If, like many of us, you love a swamp, then Cypress Gardens should be on your agenda. They have a Swamparium!
The one-time Dean Hall rice plantation has been a park for decades. A massive flood in 2015 enveloped the park while rehabilitation timetables repeatedly faltered as a result of the hurricanes that battered the Rice Kingdom in 2010s.
Finally, they are reopened with some improvements on top of the repairs.
In 2016, the venerable magazine of building design, Architectural Digest ran a piece on the enigmatic style of Mulberry Plantation. I missed that for the blog at the time. But the piece is now available online. The emphasis in on the current owners — what one might dub the third generation of Wall Street Planters — to make it into a comfortable home without altering much of the historic architectural qualities of the main house.
It is all too easy to find fault and I do not do it for the sake of faulty-finding, hopefully, but the piece blithely ignores African American experience and slavery or much mention of rice.
Two national publications spread the word on the Gullah-Geechee and rice culture.
The magazine Essence published an article on “Honoring the Gullah-Geechee As Architects of a Well Seasoned South.” The drew upon chefs and scholars to highlight, among otehr valuable points, the role of rice in West African and Gullah cuisine.
The newspaper USA Today ran a piece that focused on the Joseph Fields, an organic farmer on John’s Island, as a way to explore the Gullha-Geechee past and present pressures of development on the islands. The article also interviews Queen Quet and Natalie Daise.
Tomotley Plantation in the ACE Basin has gone on the real estate market with an asking price of ten million dollars. The plantation began as a King’s Grant 350 years ago.
In more recent times its exceptional Live Oak alley (there are two of them) appeared repeatedly in the Oscar winning film “Forest Gump.” The filming took place on that plantation, the town of Varnville, Fripp Island (as a stand in for Vietnam) and Savannah.
Having had the pleasure of visiting the plantation several times, I can say it is hard to exaggerate the iconic nature of the alley.
With the approach of Hurricane Florence this week, many news outlets took note of the fact that frequently Gullah people do not evacuate.
Stories covering that topic can be found in:
The New York Times (disappointingly, they suggest St. Helena residents descend from persons enslaved to grow rice rather than sea island cotton. No doubt, Gullah people grew rice everywhere, but St. Helena focused on Sea Island Cotton)
Russ Bynum wrote a similar piece run by the AP and appearing in many papers including: The Herald-Whig.
The Star News published a story highlighting efforts by the North Carolina Land Trust to preserve the historic Reaves Chapel AME church. The chapel dates to the 1880s in the Cape Fear Region known as Navassa. Navassa is a collection of five rice plantations.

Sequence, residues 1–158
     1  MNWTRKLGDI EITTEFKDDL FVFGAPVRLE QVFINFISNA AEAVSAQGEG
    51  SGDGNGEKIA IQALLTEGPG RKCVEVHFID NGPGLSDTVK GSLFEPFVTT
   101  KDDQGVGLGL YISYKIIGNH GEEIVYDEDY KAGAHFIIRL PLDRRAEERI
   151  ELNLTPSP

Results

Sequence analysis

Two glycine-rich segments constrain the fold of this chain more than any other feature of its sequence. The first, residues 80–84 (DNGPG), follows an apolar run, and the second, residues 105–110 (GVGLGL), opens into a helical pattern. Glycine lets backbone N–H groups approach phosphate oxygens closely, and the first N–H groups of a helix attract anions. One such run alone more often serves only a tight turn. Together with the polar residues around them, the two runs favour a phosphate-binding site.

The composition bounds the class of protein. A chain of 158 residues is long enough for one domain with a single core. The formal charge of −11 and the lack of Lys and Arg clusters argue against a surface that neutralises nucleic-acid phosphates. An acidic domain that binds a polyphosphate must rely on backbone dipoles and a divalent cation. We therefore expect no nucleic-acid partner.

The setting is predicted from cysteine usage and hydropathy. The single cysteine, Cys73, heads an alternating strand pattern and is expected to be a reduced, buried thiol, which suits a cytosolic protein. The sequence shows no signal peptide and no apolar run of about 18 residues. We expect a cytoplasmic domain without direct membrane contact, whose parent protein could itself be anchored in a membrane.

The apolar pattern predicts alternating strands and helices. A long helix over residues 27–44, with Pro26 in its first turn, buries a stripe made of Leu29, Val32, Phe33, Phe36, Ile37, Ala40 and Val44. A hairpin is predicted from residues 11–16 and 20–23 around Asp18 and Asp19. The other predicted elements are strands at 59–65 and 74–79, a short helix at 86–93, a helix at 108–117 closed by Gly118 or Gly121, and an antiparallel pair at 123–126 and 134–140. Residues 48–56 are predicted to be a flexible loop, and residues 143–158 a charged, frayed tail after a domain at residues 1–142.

The Land Trust is using its knowledge of land laws, its network of preservationist and its fund raising prowess to gain title to the defunct church and preserve it as part of Gullah-Geechee and rice culture history in the region. You can learn more about Navassa by reading a fine piece at Coastal Review Online.
I have had the privileged of meeting Ron and Natalie Daise. They are consummate performers. To be that would be enough, but each has additional skills and callings. Natalie has become an artist of Lowcountry ad Gullah themed paintings. Ron is the educator in residence at Brookgreen Gardens.
Learn more about their careers to this point in a recent Post and Courier profile.
The South Strand News covered the Friends of the Waccamaw Library’s program on Sandy Island in Georgetown County, SC. The wonderful historian Lee Brockington of Hobcaw Barony led the program.
If you don’t know much about Sandy Island the article, “Saving Sandy Island” offers a useful primer.
In December 2016, ethno-botanist and Trinidad native Francis Morean sponsored and organized the first Hill Rice Symposium on the island nation. This blog’s author had the privileged of being a presenter and participant. A number of distinguished persons representing different areas of work but with an overlapping interest in rice culture, the African diaspora, food history and the Gullah Geechee people. Those present inlcuded chef B. J. Dennis, Queen Quet of the Gullah Geechee Nation, Anthony Richardson and the famous food historian David Shields.
Dennis, Queen Quet, Dr. Richardson, Dr. Shields with rice planter in Moruga, T&T
While visiting the rice fields Shields and Dennis immediately wondered about the heritage and even species of (could it be glaberrima?) of the variety of rice use din hill rice? The story of much of this is told in the New York Times.
Severson is right that rice is a rabbit hole for food scholars (my friends can attest to that!).
Hill Rice Field nearing maturity, Dec. 2016
Wedgefield Plantation on the Black River at the outskirts of Georgetown went from rice to golf and houses quite a few years ago. The South Strand News offered a nice summary of the plantation’s history.
The Golf club’s site can be accessed at Wedgefieldcountryclub.com.